Book Review: "Why We Sleep: Unlocking the Power of Sleep and Dreams" by Matthew Walker
Sleep and I have never been good friends. I’ve been blessed with the ability to fall asleep easily when I want to, but that’s just it—I don’t usually want to. During my adolescence and much of my adult life, sleep has been a nuisance.
My motto for sleep has always been the classic “sleep is for the weak.” Or, “I’ll sleep when I’m dead.” Or how about this quote popularly (but probably wrongly) attributed to Edgar Allen Poe: “Sleep, those little slices of death—how I loathe them.” Can you relate?
As I’ve grown older and more conscious of my mental and physical health, my sleep has improved dramatically. When I began tracking my sleep, first with just my iPhone and then more accurately using an Apple Watch, I really began to see some progress. But now, I have a feeling that my latest read will truly change things—not only for me, but also for my family.
Why We Sleep: Unlocking the Power of Sleep and Dreams is written by Matthew Walker—a professor of neuroscience and psychology at the University of California, Berkeley, and a former professor of psychiatry at Harvard Medical School. The book is written for a general audience. And while it often includes technical, nitty-gritty details about the brain, drugs, and other pertinent areas of research, I found the style to be very clear and approachable. If you’ve ever wondered why nature thought it necessary to devise such a bizarre phenomenon as sleep, this is the book for you.
This New York Times Bestseller, published in 2017, is a real eye-opener. For many, I expect it’ll feel like a horror novel. Using the latest findings from well-cited research, Walker unequivocally links a lack of sleep to everything from dementia to infertility, from depression to obesity, from poor grades to cancer. Put simply, shorter sleep = shorter (and less rich) life. Our go, go, go society has really messed us all up. Not only do most working adults hit the pillow later than they should, but most children and teenagers are forced awake earlier than their circadian rhythms prefer. The consequences for individuals, families, the economy, and society as a whole are monumental.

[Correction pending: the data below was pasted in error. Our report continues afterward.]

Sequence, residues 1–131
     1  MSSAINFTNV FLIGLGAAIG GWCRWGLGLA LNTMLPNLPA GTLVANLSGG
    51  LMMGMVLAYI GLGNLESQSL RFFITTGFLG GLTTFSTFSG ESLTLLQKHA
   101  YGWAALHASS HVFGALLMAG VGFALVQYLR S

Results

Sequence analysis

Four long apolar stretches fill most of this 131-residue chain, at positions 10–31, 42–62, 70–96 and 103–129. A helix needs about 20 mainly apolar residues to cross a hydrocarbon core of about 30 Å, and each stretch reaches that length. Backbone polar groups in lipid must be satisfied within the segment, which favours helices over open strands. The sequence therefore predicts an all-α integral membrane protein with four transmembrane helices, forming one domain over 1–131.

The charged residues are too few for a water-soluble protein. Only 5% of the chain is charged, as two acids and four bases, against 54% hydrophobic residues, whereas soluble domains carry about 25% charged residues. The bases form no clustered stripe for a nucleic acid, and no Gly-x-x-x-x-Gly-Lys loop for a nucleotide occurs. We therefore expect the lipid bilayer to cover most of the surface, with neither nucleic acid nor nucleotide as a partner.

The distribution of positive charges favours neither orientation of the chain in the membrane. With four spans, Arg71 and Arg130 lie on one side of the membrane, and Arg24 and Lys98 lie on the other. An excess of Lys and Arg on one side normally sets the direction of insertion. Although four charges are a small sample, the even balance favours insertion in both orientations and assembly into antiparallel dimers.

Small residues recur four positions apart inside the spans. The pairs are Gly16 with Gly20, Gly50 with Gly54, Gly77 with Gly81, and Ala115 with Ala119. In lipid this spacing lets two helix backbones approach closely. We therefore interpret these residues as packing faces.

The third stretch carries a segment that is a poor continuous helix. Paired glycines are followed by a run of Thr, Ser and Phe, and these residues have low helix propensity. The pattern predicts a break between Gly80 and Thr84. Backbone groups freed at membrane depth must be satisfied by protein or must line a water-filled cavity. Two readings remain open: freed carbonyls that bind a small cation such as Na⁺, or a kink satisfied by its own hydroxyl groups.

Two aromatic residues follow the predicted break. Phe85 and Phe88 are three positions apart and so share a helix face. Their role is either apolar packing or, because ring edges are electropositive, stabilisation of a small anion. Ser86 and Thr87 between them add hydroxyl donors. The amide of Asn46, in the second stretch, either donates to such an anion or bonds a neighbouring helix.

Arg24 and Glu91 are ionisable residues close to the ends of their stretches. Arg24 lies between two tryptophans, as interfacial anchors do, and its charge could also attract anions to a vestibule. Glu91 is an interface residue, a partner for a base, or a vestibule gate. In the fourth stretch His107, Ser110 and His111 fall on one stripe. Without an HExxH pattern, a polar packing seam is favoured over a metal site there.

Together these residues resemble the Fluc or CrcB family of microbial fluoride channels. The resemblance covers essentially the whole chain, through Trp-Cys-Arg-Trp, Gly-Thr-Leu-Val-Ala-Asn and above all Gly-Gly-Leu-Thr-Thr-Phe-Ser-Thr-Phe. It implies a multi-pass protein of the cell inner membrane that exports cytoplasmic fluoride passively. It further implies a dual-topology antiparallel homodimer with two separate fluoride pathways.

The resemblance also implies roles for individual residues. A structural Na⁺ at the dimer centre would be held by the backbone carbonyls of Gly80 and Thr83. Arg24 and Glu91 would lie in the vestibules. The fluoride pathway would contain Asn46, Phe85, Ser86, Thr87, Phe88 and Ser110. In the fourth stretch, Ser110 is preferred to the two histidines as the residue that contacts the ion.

It’s not all negative. In fact, the book is ultimately a message of hope—of room for improvement. Want to improve your creativity, your memory, and your ability to learn new skills? Get more sleep. Want to have more control over your emotions and live a happier life? Get more sleep. Want to strengthen your immune system and your tolerance for pain? Yep.
At almost every point in this book, I felt a desire to share its contents with the world. I’ve thought of so many friends and family who either need to hear what this book has to say or who would simply appreciate the reminder to get better sleep. So, yes, if you ask me if you should read this book, then yes. An unequivocal, fat, juicy yes.
I’ll end this brief review with a list of Walker’s suggestions to getting a good night’s sleep. He elaborates on each of these in detail in the book. In order of effectiveness, Walker suggests:
- Stick to a sleep schedule.
- Exercise is great, but not too late in the day.
- Avoid caffeine and nicotine.
- Avoid alcoholic drinks before bed.
- Avoid large meals and beverages late at night.
- If possible, avoid medicines that delay or disrupt your sleep.
- Don’t take naps after 3 p.m.
- Relax before bed.
- Take a hot bath before bed.
- Dark bedroom, cool bedroom, gadget-free bedroom.
- Have the right sunlight exposure.
- Don’t lie in bed awake.